POEMs

Automated Device Equal to Manual Chest Compression



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Am Fam Physician. 2006 Oct 1;74(7):1191-1192.

Clinical Question: Which method of resuscitation optimizes outcomes of out-of-hospital cardiac arrest: manual chest compression or the use of an automated chest compression device?

Setting: Population-based

Study Design: Randomized controlled trial (nonblinded)

Allocation: Unconcealed

Synopsis: The investigators randomized (allocation not concealed) 1,071 eligible adults 18 years or older, with out-of-hospital cardiac arrest presumed to be of cardiac origin, to cardiopulmonary resuscitation (CPR) via standard manual chest compression or the use of an automated load-distributing band (LDB) chest compression device. Study outcomes included survival with spontaneous circulation at four hours, survival to hospital discharge, and neurologic function at discharge.

Individuals assessing outcomes were not blinded to treatment group survival, but the major outcome of interest (i.e., mortality) is not subject to interpretation. Follow-up occurred for all eligible patients until hospital discharge. Using intention-to-treat analysis, no significant difference occurred in the end point of survival to four hours between the manual CPR and LDB groups. Survival to hospital discharge was nonsignificantly higher in the manual CPR group than in the LDB group (9.9 versus 5.8 percent), but the safety monitoring board stopped the study before completion. Neurologic outcome at hospital discharge was significantly better in the manual CPR group, with 7.5 versus 3.1 percent of patients achieving a cerebral performance category score of 1 or 2.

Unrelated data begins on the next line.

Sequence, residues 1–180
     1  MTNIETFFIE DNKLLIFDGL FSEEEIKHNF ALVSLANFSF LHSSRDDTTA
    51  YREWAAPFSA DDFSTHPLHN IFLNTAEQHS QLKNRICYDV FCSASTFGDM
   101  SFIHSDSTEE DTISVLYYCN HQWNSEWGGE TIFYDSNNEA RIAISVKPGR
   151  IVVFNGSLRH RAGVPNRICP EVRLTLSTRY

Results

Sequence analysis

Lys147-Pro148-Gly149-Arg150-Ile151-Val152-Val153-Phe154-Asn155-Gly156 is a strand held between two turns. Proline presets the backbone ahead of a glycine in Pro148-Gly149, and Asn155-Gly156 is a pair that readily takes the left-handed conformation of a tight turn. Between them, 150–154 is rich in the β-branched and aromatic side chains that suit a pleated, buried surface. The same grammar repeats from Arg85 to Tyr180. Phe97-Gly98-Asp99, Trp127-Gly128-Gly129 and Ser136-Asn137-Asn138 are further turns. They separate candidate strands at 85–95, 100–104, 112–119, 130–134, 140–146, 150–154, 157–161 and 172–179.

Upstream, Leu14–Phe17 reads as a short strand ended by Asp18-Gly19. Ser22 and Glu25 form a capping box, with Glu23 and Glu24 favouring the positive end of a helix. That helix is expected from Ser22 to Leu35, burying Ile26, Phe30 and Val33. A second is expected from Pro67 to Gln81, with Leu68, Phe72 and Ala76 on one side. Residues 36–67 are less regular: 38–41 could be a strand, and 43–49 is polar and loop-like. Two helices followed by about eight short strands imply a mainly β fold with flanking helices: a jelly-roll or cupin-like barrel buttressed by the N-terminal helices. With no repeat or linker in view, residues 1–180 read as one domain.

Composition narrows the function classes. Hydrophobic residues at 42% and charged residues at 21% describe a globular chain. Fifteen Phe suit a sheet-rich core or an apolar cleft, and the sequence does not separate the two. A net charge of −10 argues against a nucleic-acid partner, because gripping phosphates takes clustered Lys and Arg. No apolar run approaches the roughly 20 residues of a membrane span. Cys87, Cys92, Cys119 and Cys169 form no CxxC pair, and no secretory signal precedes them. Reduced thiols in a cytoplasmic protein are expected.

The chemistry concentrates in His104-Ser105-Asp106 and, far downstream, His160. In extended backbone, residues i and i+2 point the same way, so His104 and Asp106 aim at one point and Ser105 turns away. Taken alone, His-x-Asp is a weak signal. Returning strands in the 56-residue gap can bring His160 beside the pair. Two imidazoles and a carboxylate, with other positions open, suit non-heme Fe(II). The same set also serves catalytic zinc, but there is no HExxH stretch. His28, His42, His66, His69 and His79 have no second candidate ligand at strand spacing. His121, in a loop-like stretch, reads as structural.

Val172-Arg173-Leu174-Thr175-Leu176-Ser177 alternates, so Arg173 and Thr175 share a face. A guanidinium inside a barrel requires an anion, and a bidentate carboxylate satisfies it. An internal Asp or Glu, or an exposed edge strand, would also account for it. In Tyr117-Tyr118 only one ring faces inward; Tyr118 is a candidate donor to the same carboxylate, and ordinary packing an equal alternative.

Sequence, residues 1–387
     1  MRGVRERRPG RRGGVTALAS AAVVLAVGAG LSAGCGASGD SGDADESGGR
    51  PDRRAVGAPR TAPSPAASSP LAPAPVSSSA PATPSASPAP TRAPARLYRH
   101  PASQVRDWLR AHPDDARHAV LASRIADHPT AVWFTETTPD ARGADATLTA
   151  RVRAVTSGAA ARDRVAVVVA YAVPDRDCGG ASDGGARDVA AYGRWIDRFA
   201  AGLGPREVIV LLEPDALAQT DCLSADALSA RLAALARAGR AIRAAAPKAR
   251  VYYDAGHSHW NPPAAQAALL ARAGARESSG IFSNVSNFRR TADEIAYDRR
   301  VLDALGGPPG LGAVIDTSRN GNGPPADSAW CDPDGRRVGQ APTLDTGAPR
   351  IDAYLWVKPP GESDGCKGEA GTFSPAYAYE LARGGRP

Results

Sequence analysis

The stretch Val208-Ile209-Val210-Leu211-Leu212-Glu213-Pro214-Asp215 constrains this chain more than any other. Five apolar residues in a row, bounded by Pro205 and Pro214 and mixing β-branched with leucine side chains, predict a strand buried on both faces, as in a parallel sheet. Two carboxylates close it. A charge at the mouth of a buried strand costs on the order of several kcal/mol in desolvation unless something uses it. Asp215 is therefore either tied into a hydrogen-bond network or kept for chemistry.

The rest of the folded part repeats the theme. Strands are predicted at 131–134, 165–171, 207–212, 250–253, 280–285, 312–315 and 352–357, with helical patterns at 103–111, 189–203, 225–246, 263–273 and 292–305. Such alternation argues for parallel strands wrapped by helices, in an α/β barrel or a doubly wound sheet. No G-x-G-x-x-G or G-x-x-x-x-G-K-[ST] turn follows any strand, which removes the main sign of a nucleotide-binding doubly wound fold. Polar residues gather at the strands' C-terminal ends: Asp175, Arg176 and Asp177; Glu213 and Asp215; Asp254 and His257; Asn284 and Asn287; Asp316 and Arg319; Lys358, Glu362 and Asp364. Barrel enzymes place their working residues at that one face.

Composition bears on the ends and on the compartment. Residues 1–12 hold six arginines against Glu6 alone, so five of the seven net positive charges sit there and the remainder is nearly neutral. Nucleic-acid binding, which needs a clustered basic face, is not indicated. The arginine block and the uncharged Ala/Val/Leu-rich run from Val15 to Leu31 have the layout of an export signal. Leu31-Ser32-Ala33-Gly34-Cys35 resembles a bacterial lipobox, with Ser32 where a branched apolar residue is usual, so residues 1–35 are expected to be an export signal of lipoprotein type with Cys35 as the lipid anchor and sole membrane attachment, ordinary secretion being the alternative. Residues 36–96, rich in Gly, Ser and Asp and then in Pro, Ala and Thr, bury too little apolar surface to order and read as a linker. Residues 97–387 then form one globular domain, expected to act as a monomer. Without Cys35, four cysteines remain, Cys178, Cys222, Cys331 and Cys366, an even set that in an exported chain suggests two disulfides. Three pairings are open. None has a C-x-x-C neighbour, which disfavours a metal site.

A similar report in the same issue (Ong ME, et al. Use of an automated, load-distributing band chest compression device for out-of-hospital cardiac arrest resuscitation. JAMA 2006;295:2629–37) used a before-after study design; in that study, resuscitation with a LDB device was associated with a slightly but significantly improved rate of survival to hospital discharge. However, among patients surviving to hospital discharge, overall neurologic outcomes were similar between groups. In an accompanying editorial in the same issue (Lewis RJ, Niemann JT. Manual vs device-assisted CPR: reconciling apparently contradictory results. JAMA 2006;295:2661–4) the authors indicate that the seemingly contradictory results are most likely the result of methodologic differences and possible sources of bias in both studies, including the differences in deployment time required for the LDP device, enrollment bias caused by the nonconcealed allocation assignment, and the potential for the Hawthorne effect (i.e., improved performance during the study as a result of being closely observed) in the manual CPR group.

Bottom Line: Current evidence is unable to support a recommendation for the use of manual chest compression or an automated chest compression device for out-of-hospital cardiac arrest resuscitation. Overall survival with good neurologic function at hospital discharge occurs in fewer than 10 percent of individuals with the use of either CPR method. (Level of Evidence: 1b–)

Study Reference:

Hallstrom A, et al. Manual chest compression vs use of an automated chest compression device during resuscitation following out-of-hospital cardiac arrest: a randomized trial. JAMA. June 14, 2006;295:2620–8.

Used with permission from Slawson D. Uncertain value of automated chest compression device for cardiac arrest. Accessed August 8, 2006, at: http://www.InfoPOEMs.com.

 

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